Uff...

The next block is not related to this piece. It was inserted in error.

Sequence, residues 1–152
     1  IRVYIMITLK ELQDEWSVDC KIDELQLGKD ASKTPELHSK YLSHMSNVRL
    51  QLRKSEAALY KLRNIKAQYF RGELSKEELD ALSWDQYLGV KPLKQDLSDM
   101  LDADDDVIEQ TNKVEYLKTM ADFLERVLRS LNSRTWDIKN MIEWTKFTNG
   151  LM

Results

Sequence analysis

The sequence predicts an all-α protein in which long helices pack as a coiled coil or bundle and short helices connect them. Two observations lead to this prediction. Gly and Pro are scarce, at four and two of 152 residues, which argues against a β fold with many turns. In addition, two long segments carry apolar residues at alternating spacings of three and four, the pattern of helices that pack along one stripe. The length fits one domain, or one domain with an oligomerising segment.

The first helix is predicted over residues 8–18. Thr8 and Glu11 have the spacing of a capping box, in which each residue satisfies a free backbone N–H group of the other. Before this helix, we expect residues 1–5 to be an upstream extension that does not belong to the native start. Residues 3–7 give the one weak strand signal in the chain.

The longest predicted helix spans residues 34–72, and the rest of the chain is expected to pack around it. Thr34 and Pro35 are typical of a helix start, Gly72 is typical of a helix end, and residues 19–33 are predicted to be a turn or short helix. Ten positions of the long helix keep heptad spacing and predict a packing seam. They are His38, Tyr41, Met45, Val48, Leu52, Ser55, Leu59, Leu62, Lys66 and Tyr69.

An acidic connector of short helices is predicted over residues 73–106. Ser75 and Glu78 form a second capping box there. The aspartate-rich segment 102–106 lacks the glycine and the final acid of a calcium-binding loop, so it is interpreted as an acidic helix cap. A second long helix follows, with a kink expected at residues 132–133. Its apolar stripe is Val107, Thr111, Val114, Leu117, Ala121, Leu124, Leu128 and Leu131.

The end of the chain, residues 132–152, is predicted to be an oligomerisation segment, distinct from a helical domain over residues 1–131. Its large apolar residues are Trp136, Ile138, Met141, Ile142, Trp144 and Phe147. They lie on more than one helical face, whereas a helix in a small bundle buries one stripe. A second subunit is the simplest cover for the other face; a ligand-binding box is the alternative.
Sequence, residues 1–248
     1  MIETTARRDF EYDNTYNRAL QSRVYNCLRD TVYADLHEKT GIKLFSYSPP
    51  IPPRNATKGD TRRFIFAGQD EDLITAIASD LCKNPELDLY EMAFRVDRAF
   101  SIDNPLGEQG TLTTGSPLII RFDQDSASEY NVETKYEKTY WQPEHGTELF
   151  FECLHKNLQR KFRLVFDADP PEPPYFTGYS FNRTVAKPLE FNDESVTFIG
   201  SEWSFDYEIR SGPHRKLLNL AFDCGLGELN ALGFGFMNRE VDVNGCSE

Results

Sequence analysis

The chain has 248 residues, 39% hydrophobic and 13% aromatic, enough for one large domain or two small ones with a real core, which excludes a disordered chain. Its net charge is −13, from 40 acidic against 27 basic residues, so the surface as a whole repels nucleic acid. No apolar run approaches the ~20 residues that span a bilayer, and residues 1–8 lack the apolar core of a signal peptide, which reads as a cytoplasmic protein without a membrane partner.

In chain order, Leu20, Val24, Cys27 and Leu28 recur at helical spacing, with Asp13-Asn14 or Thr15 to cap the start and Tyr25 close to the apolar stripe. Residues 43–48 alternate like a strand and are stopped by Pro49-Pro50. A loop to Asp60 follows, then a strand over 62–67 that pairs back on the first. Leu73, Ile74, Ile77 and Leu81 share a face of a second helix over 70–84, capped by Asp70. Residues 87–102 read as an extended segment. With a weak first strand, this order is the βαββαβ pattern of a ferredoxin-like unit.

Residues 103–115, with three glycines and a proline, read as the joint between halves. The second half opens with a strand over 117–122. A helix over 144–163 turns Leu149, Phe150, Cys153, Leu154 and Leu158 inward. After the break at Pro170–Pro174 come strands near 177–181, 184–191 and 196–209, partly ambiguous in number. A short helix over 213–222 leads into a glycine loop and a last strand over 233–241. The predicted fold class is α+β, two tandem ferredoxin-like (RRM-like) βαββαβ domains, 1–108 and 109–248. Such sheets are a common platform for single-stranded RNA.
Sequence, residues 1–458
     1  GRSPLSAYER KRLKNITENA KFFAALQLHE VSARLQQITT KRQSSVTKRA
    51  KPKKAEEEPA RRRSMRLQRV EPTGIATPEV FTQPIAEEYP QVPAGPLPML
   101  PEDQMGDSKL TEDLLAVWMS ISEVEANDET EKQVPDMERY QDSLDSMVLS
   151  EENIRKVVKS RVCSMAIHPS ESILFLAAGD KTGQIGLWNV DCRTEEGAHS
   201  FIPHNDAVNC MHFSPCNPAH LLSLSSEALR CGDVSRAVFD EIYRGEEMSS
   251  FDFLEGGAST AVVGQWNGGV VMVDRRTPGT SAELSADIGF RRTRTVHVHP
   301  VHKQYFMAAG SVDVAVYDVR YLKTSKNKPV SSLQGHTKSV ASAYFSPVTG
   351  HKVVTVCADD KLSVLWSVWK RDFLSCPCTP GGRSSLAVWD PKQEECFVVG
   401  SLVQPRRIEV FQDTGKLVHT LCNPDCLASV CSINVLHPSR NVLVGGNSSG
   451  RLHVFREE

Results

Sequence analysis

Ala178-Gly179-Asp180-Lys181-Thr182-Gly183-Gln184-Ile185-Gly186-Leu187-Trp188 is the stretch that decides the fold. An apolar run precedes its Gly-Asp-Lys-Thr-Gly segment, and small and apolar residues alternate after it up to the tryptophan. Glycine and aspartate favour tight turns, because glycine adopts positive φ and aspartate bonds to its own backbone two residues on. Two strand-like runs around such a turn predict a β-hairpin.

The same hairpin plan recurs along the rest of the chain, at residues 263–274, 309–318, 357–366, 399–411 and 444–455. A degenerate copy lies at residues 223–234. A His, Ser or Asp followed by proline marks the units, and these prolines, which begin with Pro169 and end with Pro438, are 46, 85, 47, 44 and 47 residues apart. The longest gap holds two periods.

These are just a few examples from the list that can probably be reliably expanded to include more cases. Of course, this is not a standard and it is not that it is impossible to live well and safely in America. We are a good example - we have a good job, good insurance and even a few days of vacation. We do not travel with our souls on our shoulders and we are not afraid to go outside. This argument is more about the fact that it really happens that what Americans think about themselves and about their country or system is sometimes not reflected in reality. Of course, many of these things are reflected here and there like many great organizations, people living dreamlike lives, fulfilling their definition of freedom, etc. The trouble is not with individual understanding, but with American society as a whole. After all, it is a country of huge contrasts. We are just wondering if the Americans consider it normal? Many countries around the world can set an example when the topics mentioned are compared and how they have been solved. Americans could draw inspiration from it, see how many opportunities there are to improve the quality of life of their citizens, but probably no one is in a hurry to do so. We are most surprised by family issues and health care - for us it is a true non-American approach, which is at odds with our beliefs about Americans and America in general. But the truth is that Americans are masters of wonderful and thrilling speeches, they are exceptionally gifted at inspiring each other, sharing high-minded ideas, sometimes it even seems that that's all they need. Exactly, it sounds great in theory, but there is still no coverage in reality ... Do you have similar examples? Share with us!